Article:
Koro & Moko Fishing,
Koro smiles, as though he knows what is coming. She is curious this mokopuna of his. She wants to know everything and the questions never stop. He doesn’t mind though because he knows she will pass the stories on to her descendants.
He tells her the well-known love story of Hinemoa and Tūtānekai, and how she is descended from them.
She listens intently and goes off in a dream as though he had transported her back in time. She can hear the sound of Tūtānekai’s flute guiding Hinemoa in the dark waters of Rotorua-nui-a-kahumatamomoe as she swam from Hinemoa Point to join him despite the displeasure of her father.
She wonders if she would have been brave enough to chance that journey.
She hums quietly to herself the soul wrenching waiata written by Hinemoa for Tūtānekai .
HE TANGI NĀ HINEMOA MO TANA TANE MO TŪTĀNEKAI
Te tau, e, te tau a te rau, ka wehe ia au, e,
Aha i wehe ai? Ka uru kei roto, te niho o Mokoroa,
Rarahu tuana, i ōna peke ngaruhu,
Tangi ana, te wheoro, ki te tuakiri,
He whana taua nei, te wā o te mamae,
Tikina mai au, whaka waireka tia,
Kia hoki ake ai, te korou, ki te ao; e,
E kore hoki ake, he ngāti mate pea; e,
Keria mai au, ki te ruahaeroa, e,
A ngaro ai rā, te wairua.
Nearing the island and the anticipated relaxation in the warmth of Hinemoa’s Pool, the mokopuna reflects on another of her Te Arawa ancestors, Te Ao-kapurangi of Ngāti Rangiwewehi, a women of mana and a peacemaker who saved Ngāti Whakaue from annihilation by Ngāpuhi.
Fascinated by the story she had heard many a time from her koro, she begins to sing the song of Te Ao-kapurangi taught to her by her grandmother. She captures the images of the song in her mind.
“Whakarongo rā te taringa ki ngā rongo taua e piki mai i hautere e i…
Ko ngā Puhi tērā…..
Katanuku kei raro te tihi ki Mokoia e….i Takoto mai rā e…
E te kiri kahurangi i ahau e….i E tū e whai e
He maihi wharenui nō Tamatekapua nō te whānau e…..i Kia whakaputa koe….
Te mana o Hoturoa e tū ana koe ngā waka taurua i a Tainui i a Te Arawa e….
Nā Rangitihi koe,
He hekenga iho i a Tamatekapua kia pohiri koe i te tini o Te Arawa e….i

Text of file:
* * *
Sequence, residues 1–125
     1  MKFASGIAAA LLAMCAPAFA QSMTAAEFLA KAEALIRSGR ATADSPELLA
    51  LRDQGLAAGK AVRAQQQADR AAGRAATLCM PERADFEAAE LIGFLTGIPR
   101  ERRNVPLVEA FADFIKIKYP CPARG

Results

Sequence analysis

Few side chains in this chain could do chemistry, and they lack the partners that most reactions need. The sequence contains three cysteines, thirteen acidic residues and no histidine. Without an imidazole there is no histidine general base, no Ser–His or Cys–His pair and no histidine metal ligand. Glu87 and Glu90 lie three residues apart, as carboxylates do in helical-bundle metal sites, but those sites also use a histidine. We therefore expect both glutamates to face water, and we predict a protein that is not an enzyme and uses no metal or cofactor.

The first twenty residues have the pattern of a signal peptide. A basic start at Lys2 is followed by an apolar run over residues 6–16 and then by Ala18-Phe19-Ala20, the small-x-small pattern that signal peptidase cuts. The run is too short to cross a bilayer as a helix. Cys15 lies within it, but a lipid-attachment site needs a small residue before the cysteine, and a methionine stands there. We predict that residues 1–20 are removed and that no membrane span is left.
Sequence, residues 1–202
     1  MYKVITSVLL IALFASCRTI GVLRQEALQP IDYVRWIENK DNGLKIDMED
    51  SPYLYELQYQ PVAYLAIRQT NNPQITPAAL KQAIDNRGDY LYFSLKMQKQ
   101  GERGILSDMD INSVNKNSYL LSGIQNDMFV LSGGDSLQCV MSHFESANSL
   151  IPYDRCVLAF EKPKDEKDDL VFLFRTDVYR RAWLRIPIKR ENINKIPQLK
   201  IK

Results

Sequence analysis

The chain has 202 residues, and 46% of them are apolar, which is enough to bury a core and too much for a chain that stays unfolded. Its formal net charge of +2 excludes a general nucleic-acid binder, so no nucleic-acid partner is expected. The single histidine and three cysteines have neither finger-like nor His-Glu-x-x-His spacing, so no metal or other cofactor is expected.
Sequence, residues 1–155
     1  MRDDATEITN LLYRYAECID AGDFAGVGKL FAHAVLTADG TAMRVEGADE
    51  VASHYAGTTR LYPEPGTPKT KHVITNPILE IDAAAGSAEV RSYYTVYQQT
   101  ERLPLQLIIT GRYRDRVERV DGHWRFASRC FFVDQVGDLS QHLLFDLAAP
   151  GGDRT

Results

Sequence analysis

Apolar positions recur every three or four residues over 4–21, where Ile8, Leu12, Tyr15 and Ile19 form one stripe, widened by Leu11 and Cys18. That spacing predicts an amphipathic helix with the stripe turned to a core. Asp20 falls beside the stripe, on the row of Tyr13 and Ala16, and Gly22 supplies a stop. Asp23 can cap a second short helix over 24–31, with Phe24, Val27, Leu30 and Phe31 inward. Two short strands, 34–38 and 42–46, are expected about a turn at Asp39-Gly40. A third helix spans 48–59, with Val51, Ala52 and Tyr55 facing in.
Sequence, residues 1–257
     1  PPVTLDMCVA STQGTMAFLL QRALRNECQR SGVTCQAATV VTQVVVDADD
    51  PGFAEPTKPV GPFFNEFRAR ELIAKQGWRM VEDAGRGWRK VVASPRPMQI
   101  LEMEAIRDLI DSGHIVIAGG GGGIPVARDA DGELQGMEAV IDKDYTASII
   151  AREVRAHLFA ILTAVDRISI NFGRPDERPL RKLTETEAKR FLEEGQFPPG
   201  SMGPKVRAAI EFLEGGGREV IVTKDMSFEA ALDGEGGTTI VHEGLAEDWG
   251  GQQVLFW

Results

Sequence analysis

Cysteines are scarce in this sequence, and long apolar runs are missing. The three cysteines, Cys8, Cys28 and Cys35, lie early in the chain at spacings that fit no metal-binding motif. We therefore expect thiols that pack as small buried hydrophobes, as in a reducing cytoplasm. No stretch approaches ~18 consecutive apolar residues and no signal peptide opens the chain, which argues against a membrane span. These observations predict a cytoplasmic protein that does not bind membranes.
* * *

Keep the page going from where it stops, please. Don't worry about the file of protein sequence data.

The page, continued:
Koia i tō whare whawhao e
Ka puta te tangata ka ora ki Te Ao e…..i
Hauhia e koe te rongo uhia e koe te kahu waeronui ki runga o Rotorua,
kiahai takahia e…..i
Hoki mai e Ao…..Ki runga ki a Tainui e…….i
Te waka o Turongo….. Na Raukawa koe ra e……..i”
Koro lands their boat on a small sandy beach and taking the mokopuna’s hand in his they make their way to the hot pool of Hinemoa. Pointing out places of interest, Koro tells her about the island and how, not too long ago, their ancestors all lived there.
Diverting a little from his course, Koro takes Moko to a place where they can see the Kumara God - Matuatonga, away in the distance. It was due to the great powers of Matuatonga the kumara flourished on Mokoia Island.
Each year before planting began, tohunga from surrounding districts would bring their seed kumara to the island. They would touch the stone figure to gain its mana and have flourishing crops of kumara.
Koro points to the place where the meeting house Tamatekapua (now standing in Ōhinemutu on Te Papaiōuru) once stood and where Ngāti Whakaue were saved by
Te Ao-kapurangi. He points to the top of the island where now lie those who have passed as guardians of the sacred isle.
As told by Norma Sturley
Qualities: Identity, wellbeing, values, relationships
More to watch:
Clip from a short film about Te Ao-kapurangi made by Tama Poata:
More to read:
More to listen to:
Kēpa Ehau tells the whole story of Tūtānekai and Hinemoa in a Ngā Taonga Sound and Vision archive sound file here:
This entry is related to these other entries:
Te Ao-kapurangi; Murirangaranga, Tūtānekai
Norma Sturley, Ngāti Whakaue, Te Arawa